Jake Locker and Matt Hasselbeck duel for the Titans starting QB position.
Matt Hasselback came to the Tennessee Titans as a 35-year-old, 13-year veteran and proved in 2011 that he's still able to compete on the professional level.
With second-year quarterback Jake Locker breathing down his neck this offseason and Titans fans eagerly awaiting his arrival as the new starter, Hasselbeck continues to stay cool.
Second-year head coach Mike Munchak has stated that the starting QB job is up for grabs in mini camp. However, there are many reasons why the experienced quarterback will help the Titans and Jake Locker at the start of this season.
Hasselbeck is coming off a 3,500-yard season and spent just about all of it without the Titans' No. 1 receiver in Kenny Britt. Last season, Britt had 14 catches for 271 yards and three touchdowns in the first two weeks before tearing his ACL and MCL.
Also, Nate Washington had one of his best seasons ever. He lead the Titans in receptions with 74, receiving yards with 1,023, touchdowns with seven and averaged 13.8 yards-per-catch.
Furthermore, rookie Kendall Wright will be looking for accurate passing and leadership to get properly acclimated into the Titans' passing attack.
Some of the success from the passing game last season was an attribute of the wideouts, but the Titans' receivers are not going to decipher who will play quarterback this season.
One good sign from Locker was when the Titans called his number this past season, he showed his rocket arm, showed poise and displayed his mobility skills.
What is more impressive was the fact that he threw zero interceptions in 66 pass attempts. Also, Jake Locker threw four touchdowns and rushed for one in the limited action he saw this past season.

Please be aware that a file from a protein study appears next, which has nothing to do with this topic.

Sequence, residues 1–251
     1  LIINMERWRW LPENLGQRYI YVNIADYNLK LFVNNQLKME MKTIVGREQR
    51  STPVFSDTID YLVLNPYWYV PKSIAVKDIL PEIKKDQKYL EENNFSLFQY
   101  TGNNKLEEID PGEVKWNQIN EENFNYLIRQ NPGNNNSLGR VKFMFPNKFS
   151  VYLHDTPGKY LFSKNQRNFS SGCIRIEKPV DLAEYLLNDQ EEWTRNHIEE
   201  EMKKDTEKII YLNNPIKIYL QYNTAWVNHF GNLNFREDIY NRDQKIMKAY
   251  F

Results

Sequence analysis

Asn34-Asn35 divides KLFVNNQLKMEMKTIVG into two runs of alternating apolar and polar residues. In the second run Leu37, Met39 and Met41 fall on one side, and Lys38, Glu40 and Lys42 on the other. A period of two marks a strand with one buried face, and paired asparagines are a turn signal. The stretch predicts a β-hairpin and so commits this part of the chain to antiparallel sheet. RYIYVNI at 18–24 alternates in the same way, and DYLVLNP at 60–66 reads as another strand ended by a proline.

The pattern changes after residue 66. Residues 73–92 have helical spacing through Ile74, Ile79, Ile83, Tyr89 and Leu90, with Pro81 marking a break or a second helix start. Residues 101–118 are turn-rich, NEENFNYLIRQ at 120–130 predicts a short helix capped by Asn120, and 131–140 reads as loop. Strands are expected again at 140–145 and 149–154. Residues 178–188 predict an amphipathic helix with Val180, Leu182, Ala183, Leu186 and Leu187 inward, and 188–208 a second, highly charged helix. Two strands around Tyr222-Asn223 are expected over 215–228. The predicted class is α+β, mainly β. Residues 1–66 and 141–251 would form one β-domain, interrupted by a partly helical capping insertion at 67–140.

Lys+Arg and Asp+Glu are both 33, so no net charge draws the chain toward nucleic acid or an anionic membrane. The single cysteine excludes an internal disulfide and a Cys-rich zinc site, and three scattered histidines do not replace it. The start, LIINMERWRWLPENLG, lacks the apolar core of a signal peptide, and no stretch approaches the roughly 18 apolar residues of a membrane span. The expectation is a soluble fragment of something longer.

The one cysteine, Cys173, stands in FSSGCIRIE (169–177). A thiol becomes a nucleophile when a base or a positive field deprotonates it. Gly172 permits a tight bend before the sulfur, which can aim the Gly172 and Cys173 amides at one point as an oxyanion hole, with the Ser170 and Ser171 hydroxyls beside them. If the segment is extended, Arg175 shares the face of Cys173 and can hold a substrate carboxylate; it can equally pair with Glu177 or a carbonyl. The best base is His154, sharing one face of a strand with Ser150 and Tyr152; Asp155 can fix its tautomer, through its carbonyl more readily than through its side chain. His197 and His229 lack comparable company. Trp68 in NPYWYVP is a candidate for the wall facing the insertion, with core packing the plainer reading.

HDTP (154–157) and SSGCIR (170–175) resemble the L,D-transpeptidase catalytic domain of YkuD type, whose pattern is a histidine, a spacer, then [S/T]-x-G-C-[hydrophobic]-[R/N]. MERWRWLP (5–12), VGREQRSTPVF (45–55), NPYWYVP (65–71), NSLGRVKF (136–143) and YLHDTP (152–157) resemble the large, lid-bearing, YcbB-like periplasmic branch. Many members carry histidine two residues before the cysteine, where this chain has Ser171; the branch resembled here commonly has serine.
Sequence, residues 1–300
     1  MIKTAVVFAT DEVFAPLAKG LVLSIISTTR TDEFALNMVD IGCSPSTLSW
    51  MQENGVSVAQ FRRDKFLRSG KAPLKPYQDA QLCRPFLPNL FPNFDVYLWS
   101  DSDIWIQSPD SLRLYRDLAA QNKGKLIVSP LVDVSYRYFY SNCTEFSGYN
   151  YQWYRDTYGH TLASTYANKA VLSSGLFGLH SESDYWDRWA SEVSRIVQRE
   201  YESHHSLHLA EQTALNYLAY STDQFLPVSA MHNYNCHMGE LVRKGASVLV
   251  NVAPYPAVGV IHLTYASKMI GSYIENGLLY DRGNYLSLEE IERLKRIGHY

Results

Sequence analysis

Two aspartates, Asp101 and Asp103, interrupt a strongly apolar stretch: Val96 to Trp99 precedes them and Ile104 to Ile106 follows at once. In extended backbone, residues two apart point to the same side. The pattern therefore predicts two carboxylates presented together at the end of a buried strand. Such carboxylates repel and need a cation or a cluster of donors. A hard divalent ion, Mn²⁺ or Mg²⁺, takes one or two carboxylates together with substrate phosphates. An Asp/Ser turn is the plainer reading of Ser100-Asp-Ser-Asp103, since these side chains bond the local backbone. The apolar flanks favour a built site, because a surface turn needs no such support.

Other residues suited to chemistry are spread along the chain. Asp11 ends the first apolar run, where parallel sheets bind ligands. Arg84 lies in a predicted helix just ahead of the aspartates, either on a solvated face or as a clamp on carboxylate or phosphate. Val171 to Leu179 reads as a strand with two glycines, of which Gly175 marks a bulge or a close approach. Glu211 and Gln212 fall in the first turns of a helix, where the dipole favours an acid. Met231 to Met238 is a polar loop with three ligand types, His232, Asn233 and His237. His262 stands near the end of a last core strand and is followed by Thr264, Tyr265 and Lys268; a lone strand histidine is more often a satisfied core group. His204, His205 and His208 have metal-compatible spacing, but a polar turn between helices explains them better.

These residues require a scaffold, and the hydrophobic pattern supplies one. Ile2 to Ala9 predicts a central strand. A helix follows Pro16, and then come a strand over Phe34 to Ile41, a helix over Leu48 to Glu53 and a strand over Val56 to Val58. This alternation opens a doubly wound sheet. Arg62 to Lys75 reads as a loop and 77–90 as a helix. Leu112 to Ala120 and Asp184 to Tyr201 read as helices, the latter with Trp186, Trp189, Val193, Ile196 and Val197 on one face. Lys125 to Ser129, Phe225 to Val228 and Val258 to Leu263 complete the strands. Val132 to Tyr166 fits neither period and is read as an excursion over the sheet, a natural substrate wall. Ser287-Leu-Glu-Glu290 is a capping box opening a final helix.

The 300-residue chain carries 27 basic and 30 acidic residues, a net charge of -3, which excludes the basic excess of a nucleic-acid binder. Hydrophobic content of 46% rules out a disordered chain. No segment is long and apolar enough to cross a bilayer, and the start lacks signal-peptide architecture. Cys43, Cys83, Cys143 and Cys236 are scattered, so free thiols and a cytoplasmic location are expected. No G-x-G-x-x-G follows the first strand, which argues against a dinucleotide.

Whenever he got the call to come in, excitement poured over the organization. However, he's still young, inexperienced and not needed for the start of the season.
There is no reason to bench a veteran quarterback who had one of his best throwing seasons last year, simply because the Titans are sitting on gold.
This is the same Titans team that was going after Peyton Manning, an experienced quarterback who is arguably more banged up than Hasselbeck—and had no question starting him.
Manning and Hasselbeck surely have differences, but experience at the head of the table is what the Titans need to focus on heading into an inexperienced quarterback-led AFC South.
Blaine Gabbert is struggling to find his groove in Jacksonville, and nobody knows what this season will bring for the most hyped-up rookie in recent memory, Andrew Luck.
By giving Jake Locker more time to learn the "little things" behind the experienced Hasselbeck, he will only improve his decision-making ability before being handed the keys to the car.
One down side to starting Locker is no matter how bad he performs, once he is put in the starting position the Titans can't pull him based off performance. Yes, even if he starts the season 0-8.
He needs to be given the starting role when the time is right, not just because all the other young guns in the NFL are starting, or the fans want to see what he can do.
Starting Locker needs to occur when there is no better option and, right now, Hasselbeck is the best quarterback the Titans have had since Steve McNair was starter.
Let us not forget that under Hasselbeck, the Titans had a winning record of 9-7, missed the playoffs by one win (the only team with a winning record not to reach the playoffs in 2011) and had the most wins since 2008 (13-3).
Let Gabbert and Luck get rocked in the AFC South this season and allow Locker to get smarter for however long the Titans can afford. We might see Locker out on the field before we know it, butMatt Hasselbeck deserves to start for the Tennessee Titans.